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organizations from funding such instruction. (para. 162)


In order to get an overview of the effect of the repeal in 2008 the Documentation and Advisory Centre on Racial Discrimination (DACoRD or DRC) carried out a mapping of the instruction in the mother-tongue in the Danish School System. The survey consisted of a questionnaire directed to the 98 municipalities of the country and interviews with 40 parents to learn their reasons for having their children follow instruction in the mother-tongue.36 The report notes that from 1975 and until the change in legislation in 2002 instruction in the mother-tongue had been offered on equal terms irrespective of country of origin to all bilingual children for 3-5 hours a week.


As a result of the change in legislation in 2008 approximately 62.000 bilingual children of third country origin have lost the right, which they previously had, to develop their mother-tongue as an integral part of the public educational system. Through the legislative change it was left to the individual municipality to decide whether this group of pupils should be offered instruction in their mother-tongue on a par with children from EU/EES countries, the Faroe Islands and Greenland. The negative implications for the largest group of bilingual children did not, however, appear from the revised law.37 The revised law only specifies which children continues to have the right to government supported instruction in their mother-tongue – a right which is secured to them through Directive 77/486/EEC along with children from Greenland and the Faroe Islands.38


The mapping demonstrated among other things that the possibility for bilingual children to receive publicly supported instruction in the mother-tongue varies tremendously depending on which municipality the family lived in.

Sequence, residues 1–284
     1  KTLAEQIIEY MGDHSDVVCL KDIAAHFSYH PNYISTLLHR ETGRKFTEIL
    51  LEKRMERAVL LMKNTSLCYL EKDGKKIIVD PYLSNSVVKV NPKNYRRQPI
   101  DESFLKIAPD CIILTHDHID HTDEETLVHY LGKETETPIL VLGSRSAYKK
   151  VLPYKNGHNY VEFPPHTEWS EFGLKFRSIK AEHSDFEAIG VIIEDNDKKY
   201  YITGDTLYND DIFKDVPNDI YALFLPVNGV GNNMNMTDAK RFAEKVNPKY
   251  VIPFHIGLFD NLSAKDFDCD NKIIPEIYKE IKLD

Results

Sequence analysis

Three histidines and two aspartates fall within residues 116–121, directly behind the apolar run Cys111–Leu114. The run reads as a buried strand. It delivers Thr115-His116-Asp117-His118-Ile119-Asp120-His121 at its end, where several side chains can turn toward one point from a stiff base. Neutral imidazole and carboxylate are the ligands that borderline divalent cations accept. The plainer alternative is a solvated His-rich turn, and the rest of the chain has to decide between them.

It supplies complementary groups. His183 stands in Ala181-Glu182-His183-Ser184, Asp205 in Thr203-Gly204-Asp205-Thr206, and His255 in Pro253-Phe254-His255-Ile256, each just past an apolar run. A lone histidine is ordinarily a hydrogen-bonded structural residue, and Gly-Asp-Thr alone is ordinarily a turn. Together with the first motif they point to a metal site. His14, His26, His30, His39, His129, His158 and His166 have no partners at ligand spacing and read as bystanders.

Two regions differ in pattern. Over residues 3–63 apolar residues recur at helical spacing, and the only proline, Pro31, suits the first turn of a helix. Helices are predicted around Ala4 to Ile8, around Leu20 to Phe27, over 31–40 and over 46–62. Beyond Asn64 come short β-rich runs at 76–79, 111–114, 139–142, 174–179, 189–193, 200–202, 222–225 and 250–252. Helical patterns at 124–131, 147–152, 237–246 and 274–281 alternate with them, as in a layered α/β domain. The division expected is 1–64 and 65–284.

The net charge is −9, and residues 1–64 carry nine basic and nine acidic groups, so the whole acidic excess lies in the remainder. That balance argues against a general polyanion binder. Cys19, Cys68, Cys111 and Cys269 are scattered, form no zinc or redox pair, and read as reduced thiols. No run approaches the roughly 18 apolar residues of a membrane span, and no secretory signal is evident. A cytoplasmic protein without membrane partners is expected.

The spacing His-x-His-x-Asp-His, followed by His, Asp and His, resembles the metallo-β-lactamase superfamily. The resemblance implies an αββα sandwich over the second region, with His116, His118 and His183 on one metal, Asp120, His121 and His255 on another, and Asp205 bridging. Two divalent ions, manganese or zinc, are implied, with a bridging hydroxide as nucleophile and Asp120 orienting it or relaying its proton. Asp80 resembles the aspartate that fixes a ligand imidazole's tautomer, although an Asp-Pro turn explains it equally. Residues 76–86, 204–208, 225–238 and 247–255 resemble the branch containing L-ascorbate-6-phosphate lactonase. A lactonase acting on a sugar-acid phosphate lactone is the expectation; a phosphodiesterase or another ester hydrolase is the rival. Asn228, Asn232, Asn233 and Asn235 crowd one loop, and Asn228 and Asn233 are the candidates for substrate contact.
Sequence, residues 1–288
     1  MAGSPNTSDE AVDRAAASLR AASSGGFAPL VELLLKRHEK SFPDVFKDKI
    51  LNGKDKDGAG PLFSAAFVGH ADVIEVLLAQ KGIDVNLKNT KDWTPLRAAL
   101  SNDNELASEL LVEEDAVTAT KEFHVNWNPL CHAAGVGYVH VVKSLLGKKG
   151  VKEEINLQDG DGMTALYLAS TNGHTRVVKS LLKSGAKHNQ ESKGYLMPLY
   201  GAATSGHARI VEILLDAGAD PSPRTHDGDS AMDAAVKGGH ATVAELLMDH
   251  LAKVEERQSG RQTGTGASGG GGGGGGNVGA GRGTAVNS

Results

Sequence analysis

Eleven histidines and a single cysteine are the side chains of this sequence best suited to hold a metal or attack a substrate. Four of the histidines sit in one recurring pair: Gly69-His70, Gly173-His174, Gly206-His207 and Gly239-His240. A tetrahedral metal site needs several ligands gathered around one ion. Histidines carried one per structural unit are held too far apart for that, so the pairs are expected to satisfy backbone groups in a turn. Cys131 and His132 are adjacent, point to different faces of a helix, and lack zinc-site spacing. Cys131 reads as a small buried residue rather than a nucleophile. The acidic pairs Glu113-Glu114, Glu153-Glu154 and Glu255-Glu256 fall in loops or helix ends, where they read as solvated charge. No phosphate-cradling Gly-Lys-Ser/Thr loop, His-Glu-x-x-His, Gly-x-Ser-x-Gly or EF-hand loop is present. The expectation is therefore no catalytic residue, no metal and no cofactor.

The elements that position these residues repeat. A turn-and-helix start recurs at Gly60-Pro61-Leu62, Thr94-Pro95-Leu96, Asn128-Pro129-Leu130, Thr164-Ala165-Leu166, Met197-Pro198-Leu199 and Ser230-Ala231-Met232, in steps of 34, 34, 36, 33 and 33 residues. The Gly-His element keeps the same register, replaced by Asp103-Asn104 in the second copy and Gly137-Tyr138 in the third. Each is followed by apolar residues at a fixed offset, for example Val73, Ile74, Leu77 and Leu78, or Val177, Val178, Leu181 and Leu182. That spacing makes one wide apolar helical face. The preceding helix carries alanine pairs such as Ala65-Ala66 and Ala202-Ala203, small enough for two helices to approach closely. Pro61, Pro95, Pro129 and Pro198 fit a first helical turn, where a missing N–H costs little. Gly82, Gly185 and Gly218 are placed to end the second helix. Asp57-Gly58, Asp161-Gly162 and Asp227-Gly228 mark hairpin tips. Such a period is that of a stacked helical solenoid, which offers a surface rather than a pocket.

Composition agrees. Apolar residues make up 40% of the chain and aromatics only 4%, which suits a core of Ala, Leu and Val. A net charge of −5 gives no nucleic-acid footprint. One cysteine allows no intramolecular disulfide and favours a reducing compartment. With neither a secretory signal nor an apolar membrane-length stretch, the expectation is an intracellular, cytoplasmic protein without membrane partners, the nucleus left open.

The DACoRD survey shows, however, that by far the largest number of municipalities has chosen to follow the government downgrading of instruction in the mother-tongue. At the national level the result of the mappings reveals:

5 of the total 98 municipalities have offered instruction on equal terms to all bilingual pupils during the school year 2007/08. That is the case in the municipalities of Copenhagen39, Vordingborg, Randers, Frederikshavn and Vallensbæk.40

10 municipalities have to a certain extent offered instruction to all minority students irrespective of language. That means e.g., that the instruction is offered on equal terms up until the 3rd or 5th grade, after which point minority students with a non-European language no longer can receive publicly financed

36 Danmark har ondt i modersmålet, En kortlægning af kommunernes modersmålsundervisning i skoleåret 2007/08 [Denmark: Mother-Tongue Instruction is suffering - A survey of the Municipalities’ Instruction in the Mother-Tongue in the School Year 2008/09] – The report  and a summary in 6 languages, incl. English, is available at the DACoRD home page, www.drcenter.dk under the heading “Nyheder/news in Nov. 2008 (The main report) and May 2009 (Summaries).

37  Danish Law Gazette (Lovtidende) 2002, No. 618 of 22 July 2002.

38  Evas Skjulte Børn, Phd. Thesis, B. Kristjansdöttír, 2006.

39  From the school year 2008/09 the municipality of Copenhagen decided, however, that bilingual pupils could receive instruction in the mother-tongue on equal terms up to and including the 6th grade. After that grade parental payment is charged of students from 3rd Countries, while children of EU/EES citizens continue to be offered publicly financed instruction.

40  The policy of the municipality of Fanø also gives equal opportunity to the student group, but had no pupils that year who wished to take part in mother-tongue instruction.

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